#paranormal #erotic #romance
Samantha Macleod’s novella Honeymoon releases today, which continues the romance between the uber sexy Norse god Loki and the mortal Caroline, which began in The Trickster’s Lover, published earlier this year.
I was super excited to receive an ARC of this book as not only do I adore the characters of Loki and Caroline but I love the worlds that the author has created which draw deeply on Norse mythology. I was also thrilled to be given the opportunity to quiz Samantha about her writing journey and her plans for the future! Scroll down to read my review of Honeymoon and to read the interview with Samantha. 🙂
Blurb for Honeymoon
Mythology expert Caroline Capello agreed to marry Loki, the Norse god of fire and lies.
She didn’t realize the most dangerous part of their marriage might be the honeymoon.
My Review ~ Five stars
Just wow – frantically fanning myself!
Samantha Macleod’s novella Honeymoon follows on from the events in her scorching erotic paranormal read, The Trickster’s Lover (click on the link for my review). This sexy story packs one helluva sizzle and is a fabulous addition to Caroline’s and Loki’s romance. It works well as a standalone, but for maximum reading pleasure I’d definitely recommend reading The Trickster’s Lover first.
In it, Loki whisks Caroline away on an impromptu honeymoon, a welcome distraction from her impending nuptials on earth. Transported to Alfheim, home of the Light-elves, Caroline is subjected to Loki’s carnal attentions in this beautiful land, whilst also becoming more embroiled in the politics of the Nine Realms and the part Loki plays in it.
The lovemaking scenes are off the Richter scale and you will need a copious supply of iced drinks! The picture painted of Alfheim and the Light-elves is a vivid one and adds to the author’s rich world building of the Nine Realms. There’s also a heavy dose of magic, danger and suspense which adds to the reading pleasure.
Reviewed by Tina Williams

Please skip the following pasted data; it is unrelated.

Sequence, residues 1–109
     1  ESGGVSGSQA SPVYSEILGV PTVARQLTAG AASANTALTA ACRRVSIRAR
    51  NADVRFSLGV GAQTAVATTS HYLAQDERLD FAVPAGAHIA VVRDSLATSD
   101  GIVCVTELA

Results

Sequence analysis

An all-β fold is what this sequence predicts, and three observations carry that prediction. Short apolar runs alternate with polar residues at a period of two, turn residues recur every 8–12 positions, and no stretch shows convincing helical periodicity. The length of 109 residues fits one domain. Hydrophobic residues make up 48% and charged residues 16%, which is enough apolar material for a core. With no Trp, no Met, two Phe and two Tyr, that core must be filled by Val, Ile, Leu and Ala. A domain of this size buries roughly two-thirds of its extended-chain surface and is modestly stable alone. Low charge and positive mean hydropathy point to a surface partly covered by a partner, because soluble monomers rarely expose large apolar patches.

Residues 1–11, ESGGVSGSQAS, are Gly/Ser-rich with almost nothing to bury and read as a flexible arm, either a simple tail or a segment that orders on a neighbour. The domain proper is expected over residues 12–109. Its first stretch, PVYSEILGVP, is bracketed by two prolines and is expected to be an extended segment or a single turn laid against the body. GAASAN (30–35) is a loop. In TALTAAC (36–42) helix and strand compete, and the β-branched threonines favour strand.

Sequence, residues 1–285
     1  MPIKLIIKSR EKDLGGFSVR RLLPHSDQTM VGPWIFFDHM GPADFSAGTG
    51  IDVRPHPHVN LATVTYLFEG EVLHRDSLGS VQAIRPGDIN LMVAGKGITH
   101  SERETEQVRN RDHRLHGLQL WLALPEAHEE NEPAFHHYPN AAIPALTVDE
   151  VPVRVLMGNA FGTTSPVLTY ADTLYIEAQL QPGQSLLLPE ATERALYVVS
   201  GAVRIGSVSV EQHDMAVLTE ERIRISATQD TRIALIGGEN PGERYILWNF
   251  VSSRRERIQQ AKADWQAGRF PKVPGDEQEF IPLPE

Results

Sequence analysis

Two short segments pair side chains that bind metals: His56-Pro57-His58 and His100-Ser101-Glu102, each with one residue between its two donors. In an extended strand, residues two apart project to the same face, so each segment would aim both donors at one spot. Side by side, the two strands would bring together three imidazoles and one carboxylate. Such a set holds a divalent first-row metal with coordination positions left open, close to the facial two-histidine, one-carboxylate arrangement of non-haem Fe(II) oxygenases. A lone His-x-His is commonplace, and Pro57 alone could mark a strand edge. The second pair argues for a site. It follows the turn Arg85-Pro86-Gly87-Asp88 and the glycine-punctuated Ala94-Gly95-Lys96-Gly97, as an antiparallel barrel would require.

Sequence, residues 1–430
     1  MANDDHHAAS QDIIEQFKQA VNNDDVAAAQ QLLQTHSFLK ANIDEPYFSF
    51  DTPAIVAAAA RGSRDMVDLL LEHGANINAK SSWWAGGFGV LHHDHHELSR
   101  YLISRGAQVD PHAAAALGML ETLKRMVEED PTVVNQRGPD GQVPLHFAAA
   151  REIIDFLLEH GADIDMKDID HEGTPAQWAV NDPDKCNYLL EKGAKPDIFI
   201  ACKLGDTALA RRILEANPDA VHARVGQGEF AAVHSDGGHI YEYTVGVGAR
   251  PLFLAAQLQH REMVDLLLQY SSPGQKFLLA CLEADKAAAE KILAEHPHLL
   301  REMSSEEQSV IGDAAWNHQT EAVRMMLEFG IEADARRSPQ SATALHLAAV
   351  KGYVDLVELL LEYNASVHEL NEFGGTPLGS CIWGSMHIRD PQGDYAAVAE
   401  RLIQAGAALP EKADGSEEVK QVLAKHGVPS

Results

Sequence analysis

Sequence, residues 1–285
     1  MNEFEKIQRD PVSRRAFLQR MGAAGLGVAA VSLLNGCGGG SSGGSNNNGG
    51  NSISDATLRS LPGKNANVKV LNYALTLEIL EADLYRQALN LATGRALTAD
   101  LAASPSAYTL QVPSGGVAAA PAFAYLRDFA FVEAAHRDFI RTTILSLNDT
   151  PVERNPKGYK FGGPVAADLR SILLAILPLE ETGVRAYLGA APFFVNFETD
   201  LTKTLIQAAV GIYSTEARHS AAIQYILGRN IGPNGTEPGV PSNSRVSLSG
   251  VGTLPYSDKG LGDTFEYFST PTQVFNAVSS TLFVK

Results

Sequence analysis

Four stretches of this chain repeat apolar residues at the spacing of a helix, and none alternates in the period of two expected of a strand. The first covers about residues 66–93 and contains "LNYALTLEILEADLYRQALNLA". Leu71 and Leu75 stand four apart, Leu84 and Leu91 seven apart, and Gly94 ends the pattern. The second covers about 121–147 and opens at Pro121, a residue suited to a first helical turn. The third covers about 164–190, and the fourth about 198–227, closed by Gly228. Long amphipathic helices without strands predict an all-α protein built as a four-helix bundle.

Please note, a copy of this book was given to me by the author for the purpose of a fair and honest review.
The Trickster’s Lover
1.Can you tell us a little about yourself and how long you have been writing?
Sure, and thank you so much for hosting this interview!
Like many writers, I’ve always wanted to write, and I wrote quite seriously in my early twenties (mostly short stories and personal essays). But I never got any publications, so I got discouraged, quit, and went to graduate school to study religion and mythology.
I started writing again in the spring of 2015, because of my children. I realized I was telling my kids to follow their dreams and never give up, but here I’d given up on my own childhood dream of being a writer. So I forced myself to sit down and write the sci-fi story I’d been kicking around for years. Once that was finished, I realized I had a few more stories in me. One year ago, in November of 2015, I started what I thought would be a sexy short story. It turned into The Trickster’s Lover, my first novel.
2.Do you base any elements of your heroes or heroines on anyone you know, either physically or in terms of their characters?
Hmmm, that could be a loaded question!
In The Trickster’s Lover, Loki and Caroline pretty much showed up on their own. But many of the supporting characters are based on people I’ve known, especially my friends, colleagues, and professors at the University of Chicago. All names have been changed to protect the innocent, I promise! 😉
3.What inspired you to write about the Norse god Loki (furiously fanning myself)?
Well, here’s a story I thought I’d never tell anyone: I had a dream about Loki showing up on the University of Chicago campus. That morning I sat down to turn the dream into a short story, which became the first scene between Caroline and Loki, which turned into a much longer story!
4. I loved The Trickster’s Lover and Honeymoon, your latest release which continues the story of Caroline and Loki. Do you have any plans to continue their story or to write any more books set in the world you have created? (Please say yes!)
Thank you so much! Since you asked so nicely, I’m happy to say the answer is yes!
I’m currently working on my next novel, and it does take place in the same world. This story focuses on Loki’s son Vali, who was turned into a wolf when Loki was imprisoned in the cave, and Karen McDonald, a wildlife biologist in Yellowstone National Park. It’s not exactly a sequel, although several characters from The Trickster’s Lover do show up.